Home Flora of Missouri
Name Search
Delphinium L. Search in The Plant ListSearch in IPNISearch in Australian Plant Name IndexSearch in Index Nominum Genericorum (ING)Search in NYBG Virtual HerbariumSearch in JSTOR Plant ScienceSearch in SEINetSearch in African Plants Database at Geneva Botanical GardenSearch in Flora do Brasil 2020Search in Reflora - Virtual HerbariumSearch in Living Collections Decrease font Increase font Restore font

Published In: Species Plantarum 1: 530. 1753. (1 May 1753) (Sp. Pl.) Name publication detailView in BotanicusView in Biodiversity Heritage Library

Project Name Data (Last Modified On 9/8/2017)
Acceptance : Accepted

Export To PDF Export To Word

9. Delphinium L. (larkspur)

Plants taprooted annuals or perennial herbs with rhizomes or fascicles of fibrous to sometimes somewhat tuberous roots, occasionally dioecious but more commonly with perfect flowers. Stems erect or ascending, unbranched or with ascending branches. Leaves alternate and in a basal rosette (this sometimes absent at flowering time), when present the basal leaves usually larger than the stem leaves and with longer petioles. Leaf blades circular to broadly ovate, pentagonal, or kidney-shaped in outline, deeply palmately and/or ternately 2 or more times divided, the ultimate segments linear to lanceolate, oblanceolate, or narrowly oblong. Inflorescences terminal and sometimes also axillary racemes, these sometimes clustered into panicles, with few to many flowers. Flowers zygomorphic, perfect or occasionally imperfect. Sepals 5 (rarely more), petaloid, usually blue or purple to bluish- or purplish-tinged, less commonly pink or white, the upper sepal spurred, the lateral and lower sepals plane, not persistent at fruiting. Petals technically 2 (but then fused into a single 3-lobed structure) or 4 and not fused (the body then tapered abruptly to a stalklike base), white, to blue, purple, or pink, the fused petals or upper free petals spurred, the spur enclosed in the spur of the upper sepal. Stamens not showy, the anthers yellow to brown or almost black. Staminodes absent. Pistils 1 or 3(–5), each with 8–20 ovules. Style present, persistent at fruiting. Fruits follicles, more or less cylindric and somewhat curved, with a beak 1–4 mm long, the outer wall thick, prominently veined or not. Receptacle not enlarged at fruiting. Seeds semicircular to more or less trapezoidal in outline, sometimes with a longitudinal wing along 1 side, irregularly 3- or 4-angled in cross-section (sometimes appearing somewhat flattened), the surface sometimes scaly. About 340 species, North America, Europe, Asia, Africa.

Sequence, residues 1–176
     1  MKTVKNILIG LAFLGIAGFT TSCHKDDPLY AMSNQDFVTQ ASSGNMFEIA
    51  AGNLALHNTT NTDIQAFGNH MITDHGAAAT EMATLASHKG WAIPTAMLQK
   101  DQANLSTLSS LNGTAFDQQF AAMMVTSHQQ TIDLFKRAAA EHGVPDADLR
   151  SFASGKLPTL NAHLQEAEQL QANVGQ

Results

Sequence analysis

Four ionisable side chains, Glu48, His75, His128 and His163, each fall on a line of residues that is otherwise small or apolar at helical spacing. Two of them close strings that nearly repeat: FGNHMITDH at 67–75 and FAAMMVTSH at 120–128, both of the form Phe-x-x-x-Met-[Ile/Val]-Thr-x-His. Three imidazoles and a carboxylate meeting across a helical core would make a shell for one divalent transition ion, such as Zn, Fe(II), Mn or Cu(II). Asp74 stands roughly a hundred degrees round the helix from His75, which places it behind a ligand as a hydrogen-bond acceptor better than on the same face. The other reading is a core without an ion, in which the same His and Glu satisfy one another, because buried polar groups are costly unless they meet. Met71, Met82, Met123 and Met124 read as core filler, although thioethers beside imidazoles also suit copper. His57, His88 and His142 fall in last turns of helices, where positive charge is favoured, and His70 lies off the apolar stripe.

Delphinium is here treated broadly to include the approxiametely 40 Old World species formerly segregated by some authors into the genus Consolida (DC.) Gray. These annuals differ from the remaining species of Delphinium in their flowers with only two petals that are fused into a 3-lobed structure and with only a single pistil. Recently, the molecular phylogenetic study of Delphinium and its relatives by Jabbour and Renner (2011) presented strong evidence that the Consolida group represents a specialized lineage within Delphinium that experienced a rapid diversification of species in the Mediterranean and adjacent regions.

Several larkspurs are cultivated as garden ornamentals and a number of cultivars exist, including some with doubled perianths. However, the exotic larkspurs generally do better in climates with the summers cooler than in Missouri, and only members of the D. ajacis group (rocket larkspurs) are grown very much in Missouri gardens. Aside from these, the principal species available horticulturally is the Eurasian D. elatum L. (tall larkspur), but D. grandiflorum L. (Chinese delphinium) and a variety of hybrids also are sold. In recent years, the native species of Delphinium, which are better adapted than the Old World taxa to Missouri’s hot summers and cold winters, also have been brought into cultivation and are sold at some wildflower nurseries.

Members of the genus are rich in alkaloids, especially delphinine, which renders them toxic to livestock and humans. For the same reason, larkspurs are considered relatively free from browsing by deer.

© 2018 Missouri Botanical Garden - 4344 Shaw Boulevard - Saint Louis, Missouri 63110